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Imagery and Memory in the Blind: A Review

  • Carole H. Ernest

Abstract

This chapter reflects the position that the examination of individual or group differences is useful in determining the limits and limitations of human cognitive functioning. This selective review of the literature on imagery and memory in the blind was motivated by three broad questions. First, in the absence of vision, and presumably visual images, are congenitally or early-blind individuals disadvantaged on learning and memory tasks presumed to require visual-imaginal processes? Second, given some investigators’ definition of imagery ability as visuospatial skill (see Ernest, 1977), can forms or shapes and information about their spatial orientation be processed or remembered as well by those lacking visual experience as those with it? Finally, do the blind compensate for their lack of vision by developing nonvisually based strategies or skills (e.g., auditory, tactile, haptic, self-referent) as aids to memory?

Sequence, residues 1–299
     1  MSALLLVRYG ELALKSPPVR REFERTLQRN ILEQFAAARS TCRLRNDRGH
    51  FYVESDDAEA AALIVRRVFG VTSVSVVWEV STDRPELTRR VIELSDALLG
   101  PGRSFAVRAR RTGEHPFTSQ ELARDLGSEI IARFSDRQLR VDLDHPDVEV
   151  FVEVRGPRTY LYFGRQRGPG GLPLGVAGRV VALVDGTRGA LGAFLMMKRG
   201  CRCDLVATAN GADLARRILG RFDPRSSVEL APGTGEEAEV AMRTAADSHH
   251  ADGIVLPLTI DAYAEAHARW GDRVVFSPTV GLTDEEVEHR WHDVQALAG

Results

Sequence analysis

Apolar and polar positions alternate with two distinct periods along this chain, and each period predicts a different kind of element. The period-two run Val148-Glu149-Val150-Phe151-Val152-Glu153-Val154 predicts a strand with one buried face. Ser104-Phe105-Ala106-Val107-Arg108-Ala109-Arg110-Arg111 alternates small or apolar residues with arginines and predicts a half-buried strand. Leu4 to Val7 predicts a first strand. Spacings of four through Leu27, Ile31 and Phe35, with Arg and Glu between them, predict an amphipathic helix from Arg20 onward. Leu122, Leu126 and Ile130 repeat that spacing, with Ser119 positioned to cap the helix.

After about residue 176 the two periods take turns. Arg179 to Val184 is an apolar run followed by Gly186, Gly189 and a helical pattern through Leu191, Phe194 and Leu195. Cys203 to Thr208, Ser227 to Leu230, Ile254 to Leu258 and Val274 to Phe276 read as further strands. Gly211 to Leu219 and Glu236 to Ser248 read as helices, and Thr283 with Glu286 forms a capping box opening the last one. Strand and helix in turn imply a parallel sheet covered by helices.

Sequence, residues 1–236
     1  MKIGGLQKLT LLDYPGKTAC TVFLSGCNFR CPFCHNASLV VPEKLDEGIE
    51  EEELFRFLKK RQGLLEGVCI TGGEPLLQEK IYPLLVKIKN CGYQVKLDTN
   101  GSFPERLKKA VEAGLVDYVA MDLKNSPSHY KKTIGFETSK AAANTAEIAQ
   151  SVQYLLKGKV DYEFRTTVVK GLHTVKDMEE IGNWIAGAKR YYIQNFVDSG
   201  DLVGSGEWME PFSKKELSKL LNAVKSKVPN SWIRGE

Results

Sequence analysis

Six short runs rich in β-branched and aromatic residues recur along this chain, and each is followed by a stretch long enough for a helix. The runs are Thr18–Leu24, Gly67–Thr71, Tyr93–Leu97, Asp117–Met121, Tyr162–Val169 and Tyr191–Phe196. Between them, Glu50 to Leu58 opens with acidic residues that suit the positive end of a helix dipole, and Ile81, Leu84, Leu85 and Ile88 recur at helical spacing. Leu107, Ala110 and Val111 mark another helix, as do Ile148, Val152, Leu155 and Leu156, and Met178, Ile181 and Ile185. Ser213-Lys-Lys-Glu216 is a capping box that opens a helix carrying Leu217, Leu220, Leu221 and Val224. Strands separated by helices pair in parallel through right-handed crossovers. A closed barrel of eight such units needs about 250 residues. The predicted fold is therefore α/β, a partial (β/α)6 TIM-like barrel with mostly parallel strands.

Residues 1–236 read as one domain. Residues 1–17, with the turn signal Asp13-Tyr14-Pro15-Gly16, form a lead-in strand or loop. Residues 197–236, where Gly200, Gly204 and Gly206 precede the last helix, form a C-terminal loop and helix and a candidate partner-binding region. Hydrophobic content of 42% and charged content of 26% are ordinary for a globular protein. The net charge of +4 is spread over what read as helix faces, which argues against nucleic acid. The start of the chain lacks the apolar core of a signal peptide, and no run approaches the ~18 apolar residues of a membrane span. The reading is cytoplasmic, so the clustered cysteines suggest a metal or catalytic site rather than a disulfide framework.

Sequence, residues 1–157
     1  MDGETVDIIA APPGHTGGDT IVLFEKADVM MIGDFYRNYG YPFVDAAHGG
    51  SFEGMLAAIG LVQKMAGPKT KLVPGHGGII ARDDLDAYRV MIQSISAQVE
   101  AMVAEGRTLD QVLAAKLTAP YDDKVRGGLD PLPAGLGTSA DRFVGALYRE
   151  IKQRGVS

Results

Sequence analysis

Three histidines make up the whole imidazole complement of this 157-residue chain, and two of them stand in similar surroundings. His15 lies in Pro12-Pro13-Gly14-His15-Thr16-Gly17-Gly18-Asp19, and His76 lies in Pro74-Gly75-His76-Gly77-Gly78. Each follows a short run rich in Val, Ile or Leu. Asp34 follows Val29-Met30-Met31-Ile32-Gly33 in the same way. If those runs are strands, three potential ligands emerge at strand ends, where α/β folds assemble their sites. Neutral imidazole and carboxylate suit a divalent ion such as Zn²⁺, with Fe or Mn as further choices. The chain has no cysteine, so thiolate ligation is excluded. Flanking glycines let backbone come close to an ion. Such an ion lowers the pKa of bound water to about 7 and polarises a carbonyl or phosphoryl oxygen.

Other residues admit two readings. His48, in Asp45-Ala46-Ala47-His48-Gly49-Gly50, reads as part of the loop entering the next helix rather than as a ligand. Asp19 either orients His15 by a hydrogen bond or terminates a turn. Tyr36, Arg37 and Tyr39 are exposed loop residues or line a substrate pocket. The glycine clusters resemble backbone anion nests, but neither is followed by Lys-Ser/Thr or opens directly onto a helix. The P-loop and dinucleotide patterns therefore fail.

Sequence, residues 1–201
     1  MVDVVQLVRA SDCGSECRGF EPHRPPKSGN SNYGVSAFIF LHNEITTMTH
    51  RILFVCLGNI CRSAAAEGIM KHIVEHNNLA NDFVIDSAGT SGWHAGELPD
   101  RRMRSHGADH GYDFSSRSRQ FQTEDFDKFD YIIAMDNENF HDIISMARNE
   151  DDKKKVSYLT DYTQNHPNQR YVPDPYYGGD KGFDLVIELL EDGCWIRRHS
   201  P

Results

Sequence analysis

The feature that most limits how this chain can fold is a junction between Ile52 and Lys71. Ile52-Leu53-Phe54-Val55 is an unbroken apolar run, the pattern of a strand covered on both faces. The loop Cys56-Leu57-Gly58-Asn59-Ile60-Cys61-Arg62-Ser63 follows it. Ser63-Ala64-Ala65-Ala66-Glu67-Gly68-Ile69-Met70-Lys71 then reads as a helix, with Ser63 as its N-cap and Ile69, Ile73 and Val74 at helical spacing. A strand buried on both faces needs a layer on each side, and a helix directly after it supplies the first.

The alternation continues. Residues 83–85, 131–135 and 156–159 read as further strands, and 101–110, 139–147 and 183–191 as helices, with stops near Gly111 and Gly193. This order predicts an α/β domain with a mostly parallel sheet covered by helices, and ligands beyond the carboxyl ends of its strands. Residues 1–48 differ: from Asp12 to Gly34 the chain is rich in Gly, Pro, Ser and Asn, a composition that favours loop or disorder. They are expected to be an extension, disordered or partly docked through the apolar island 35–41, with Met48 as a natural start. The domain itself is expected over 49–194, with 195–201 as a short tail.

Keywords

Mental Rotation Motor Imagery Visual Experience Visual Imagery Abstract Word 
These keywords were added by machine and not by the authors. This process is experimental and the keywords may be updated as the learning algorithm improves.

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© Springer-Verlag New York Inc. 1987

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  • Carole H. Ernest

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